Buy some Resolve pet Stain remover, a few rolls of paper towels, and a crapload of patience. And as your scrubnbing, the floor for the third or fourth time, just keep telling yourself…Progress. It’s progress. Soon. very soon, no more diapers.” Then, go hit the secret stash of stress sugar – we always have double-stuffed Oreos and reward yourself for having patience and not losing your shit.

We’re one step closer, and that’s good because, after 3 1/2 years of diapers, we’re ready…

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The Toddler Experience

My wife and I have an amazing little ball of energy, easily the brightest, most incredible joy in our lives. Most days. Absolutely, positively….most days.

My Son, Nate, is 3 and a half now, and thankfully, he’s got his mother’s brains! But then, dear god, he’s got his mother’s brains! For those of you that don’t know my wife — she’s also amazing. And Smart. Very smart. You can see that same light n my son’s eyes, right before he does something terrible. I was going to say “evil”, but really, when they are this age, evil is loosely defined.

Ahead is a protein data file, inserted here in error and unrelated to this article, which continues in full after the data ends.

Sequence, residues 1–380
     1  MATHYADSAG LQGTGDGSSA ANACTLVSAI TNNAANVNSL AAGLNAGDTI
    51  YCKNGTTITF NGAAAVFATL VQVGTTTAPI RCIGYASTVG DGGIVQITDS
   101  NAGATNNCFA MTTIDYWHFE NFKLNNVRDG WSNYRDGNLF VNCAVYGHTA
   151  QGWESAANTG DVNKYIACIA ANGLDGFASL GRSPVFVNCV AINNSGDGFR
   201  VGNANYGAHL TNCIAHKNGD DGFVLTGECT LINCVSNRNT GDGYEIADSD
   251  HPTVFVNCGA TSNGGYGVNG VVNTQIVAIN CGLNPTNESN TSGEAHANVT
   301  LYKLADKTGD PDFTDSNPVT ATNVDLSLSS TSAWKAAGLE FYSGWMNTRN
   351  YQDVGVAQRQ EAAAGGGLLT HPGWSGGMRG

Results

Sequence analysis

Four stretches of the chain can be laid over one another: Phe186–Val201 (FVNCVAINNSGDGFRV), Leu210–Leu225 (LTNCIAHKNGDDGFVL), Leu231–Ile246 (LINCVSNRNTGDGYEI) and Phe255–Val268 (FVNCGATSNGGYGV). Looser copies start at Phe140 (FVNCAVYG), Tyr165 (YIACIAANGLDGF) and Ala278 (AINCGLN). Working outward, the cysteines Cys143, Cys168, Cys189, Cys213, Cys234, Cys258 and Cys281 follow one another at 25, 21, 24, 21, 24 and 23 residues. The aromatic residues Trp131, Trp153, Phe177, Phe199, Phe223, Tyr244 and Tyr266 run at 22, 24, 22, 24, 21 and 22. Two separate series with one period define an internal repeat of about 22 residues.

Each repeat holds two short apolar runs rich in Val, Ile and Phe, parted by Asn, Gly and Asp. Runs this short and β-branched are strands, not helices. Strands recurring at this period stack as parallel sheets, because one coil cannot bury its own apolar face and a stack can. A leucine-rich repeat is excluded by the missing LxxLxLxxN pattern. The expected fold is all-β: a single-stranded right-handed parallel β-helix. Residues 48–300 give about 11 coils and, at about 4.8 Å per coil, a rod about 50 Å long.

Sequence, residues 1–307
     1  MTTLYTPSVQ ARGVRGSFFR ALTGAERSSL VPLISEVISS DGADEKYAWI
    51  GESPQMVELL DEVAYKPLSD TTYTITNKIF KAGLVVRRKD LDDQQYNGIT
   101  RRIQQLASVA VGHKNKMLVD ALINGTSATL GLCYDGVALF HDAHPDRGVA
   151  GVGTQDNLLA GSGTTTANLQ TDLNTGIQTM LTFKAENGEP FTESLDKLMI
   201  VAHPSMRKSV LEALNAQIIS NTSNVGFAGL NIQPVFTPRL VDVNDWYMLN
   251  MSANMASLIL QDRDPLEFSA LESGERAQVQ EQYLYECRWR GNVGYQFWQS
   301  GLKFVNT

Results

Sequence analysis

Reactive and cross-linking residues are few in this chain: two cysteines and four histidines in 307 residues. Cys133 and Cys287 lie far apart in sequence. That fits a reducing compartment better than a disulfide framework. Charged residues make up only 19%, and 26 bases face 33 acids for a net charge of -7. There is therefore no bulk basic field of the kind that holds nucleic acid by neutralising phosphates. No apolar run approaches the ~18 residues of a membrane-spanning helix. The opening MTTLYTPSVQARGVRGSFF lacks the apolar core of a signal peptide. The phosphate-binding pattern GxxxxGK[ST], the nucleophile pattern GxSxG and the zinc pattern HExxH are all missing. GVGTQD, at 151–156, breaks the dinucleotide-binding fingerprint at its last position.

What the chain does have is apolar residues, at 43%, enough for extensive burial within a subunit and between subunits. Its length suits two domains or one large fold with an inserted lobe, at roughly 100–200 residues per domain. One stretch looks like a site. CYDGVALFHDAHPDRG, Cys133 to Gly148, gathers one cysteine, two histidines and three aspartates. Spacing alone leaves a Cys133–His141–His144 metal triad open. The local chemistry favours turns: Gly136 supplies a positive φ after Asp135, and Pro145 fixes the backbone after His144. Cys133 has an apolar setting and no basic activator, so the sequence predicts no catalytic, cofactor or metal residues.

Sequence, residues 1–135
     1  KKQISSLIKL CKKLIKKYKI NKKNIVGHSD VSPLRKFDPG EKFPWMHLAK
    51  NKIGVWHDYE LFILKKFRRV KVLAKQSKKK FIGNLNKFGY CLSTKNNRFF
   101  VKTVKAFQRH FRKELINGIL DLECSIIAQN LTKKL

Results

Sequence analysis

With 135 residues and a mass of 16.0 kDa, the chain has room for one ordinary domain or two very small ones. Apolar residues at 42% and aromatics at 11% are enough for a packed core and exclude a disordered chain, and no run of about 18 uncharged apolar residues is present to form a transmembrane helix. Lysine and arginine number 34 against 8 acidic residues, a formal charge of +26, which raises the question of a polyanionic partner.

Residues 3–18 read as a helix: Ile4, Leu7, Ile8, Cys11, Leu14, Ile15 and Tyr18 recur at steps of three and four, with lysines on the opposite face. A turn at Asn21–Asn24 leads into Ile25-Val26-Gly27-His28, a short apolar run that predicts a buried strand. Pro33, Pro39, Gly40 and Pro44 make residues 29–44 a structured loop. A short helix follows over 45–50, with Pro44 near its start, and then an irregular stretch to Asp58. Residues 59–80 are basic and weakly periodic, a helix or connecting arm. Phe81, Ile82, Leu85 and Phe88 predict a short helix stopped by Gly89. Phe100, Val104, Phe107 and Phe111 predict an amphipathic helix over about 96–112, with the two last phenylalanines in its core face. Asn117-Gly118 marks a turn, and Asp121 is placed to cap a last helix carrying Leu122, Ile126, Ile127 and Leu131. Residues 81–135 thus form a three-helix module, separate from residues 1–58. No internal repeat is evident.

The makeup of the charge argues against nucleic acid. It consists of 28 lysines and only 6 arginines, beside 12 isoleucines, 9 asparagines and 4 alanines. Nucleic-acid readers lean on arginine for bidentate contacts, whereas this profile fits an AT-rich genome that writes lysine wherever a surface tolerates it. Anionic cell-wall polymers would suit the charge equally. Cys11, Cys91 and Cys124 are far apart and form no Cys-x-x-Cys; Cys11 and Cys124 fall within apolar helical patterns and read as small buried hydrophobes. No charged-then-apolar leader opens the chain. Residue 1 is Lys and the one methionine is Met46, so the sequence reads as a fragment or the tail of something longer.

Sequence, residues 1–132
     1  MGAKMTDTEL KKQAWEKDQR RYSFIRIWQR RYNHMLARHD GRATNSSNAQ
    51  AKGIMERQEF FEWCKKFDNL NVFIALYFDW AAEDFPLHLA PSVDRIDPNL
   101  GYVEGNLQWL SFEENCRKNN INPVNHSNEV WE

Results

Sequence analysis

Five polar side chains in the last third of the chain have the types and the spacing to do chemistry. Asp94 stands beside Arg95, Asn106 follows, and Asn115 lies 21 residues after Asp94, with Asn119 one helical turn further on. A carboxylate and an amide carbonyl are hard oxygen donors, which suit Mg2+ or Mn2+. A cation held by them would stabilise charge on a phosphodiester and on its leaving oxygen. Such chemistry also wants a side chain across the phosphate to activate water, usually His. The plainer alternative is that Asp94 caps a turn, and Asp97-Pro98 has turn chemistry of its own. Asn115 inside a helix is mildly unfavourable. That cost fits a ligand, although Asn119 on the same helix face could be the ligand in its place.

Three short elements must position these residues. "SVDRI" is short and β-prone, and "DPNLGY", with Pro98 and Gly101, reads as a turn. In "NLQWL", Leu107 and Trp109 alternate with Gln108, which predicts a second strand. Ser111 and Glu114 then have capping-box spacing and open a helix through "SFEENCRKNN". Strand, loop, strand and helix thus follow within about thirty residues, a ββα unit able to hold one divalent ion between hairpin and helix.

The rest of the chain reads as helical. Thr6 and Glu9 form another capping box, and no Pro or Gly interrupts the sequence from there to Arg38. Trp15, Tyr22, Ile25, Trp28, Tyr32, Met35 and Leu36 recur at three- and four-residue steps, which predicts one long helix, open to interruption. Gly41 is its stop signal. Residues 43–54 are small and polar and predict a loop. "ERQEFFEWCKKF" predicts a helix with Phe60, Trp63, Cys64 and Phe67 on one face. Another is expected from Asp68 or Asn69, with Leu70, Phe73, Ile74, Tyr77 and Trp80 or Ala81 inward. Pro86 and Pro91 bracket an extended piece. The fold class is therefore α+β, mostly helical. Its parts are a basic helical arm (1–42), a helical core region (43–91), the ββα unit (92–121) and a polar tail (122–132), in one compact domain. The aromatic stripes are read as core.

Mostly, toddlers are just having fun without the benefit (or constraint) of a moral compass – something I sure as hell would like to be able to do from time to time. But every once in a while Nate (my 3-year-old) will do something that defies all previous experience. And I’ve been told by parents that I trust that while my experience seems awkward and unique, it’s not. By any means.

My Son goes through weekly phases: wearing socks on his hands (Sockey-hands!), stealing his shoes and putting them back on after we go to bed (stinky feet!), turning every mundane and non-hostile object into a “gun” (I shoot mommy and daddy!), watching me pee much too intently, then demanding to be the one that flushes the toilet (“I wanna do it!).

NathanOnFloorRecently he’s decided that his crib is no place for him to sleep. He transitioned to sneaking into our bed in the middle of the night while we were asleep — at first anyway. Soon that turned into just heading for our bed form his own. But of course, when we’re not in it, he doesn’t want to be alone in it.

Now he wants to sleep on the floor, next to me, as I am writing this. Of course, he needs for the light to be on in the bedroom entrance where he sleeps, and off over my head where I’m typing. He’s also — NOT sleeping – while laying in the floor. It’s actually becoming more of an extended play-with-daddy thing where he giggles, smiles, and generally does all the cute things 3-year-olds do that keeps us from being “too” angry with them.

Along with this is the “Guess What, Daddy?” game in which, yep, I guess what, and he hits me in the face with a random article of clothing. I never actually know where it comes to form, the boy could be standing there stark naked, but as soon as he says “Guess what, Daddy?” he’s armed with a Paw Patrol cotton PJ bottom, and taking aim!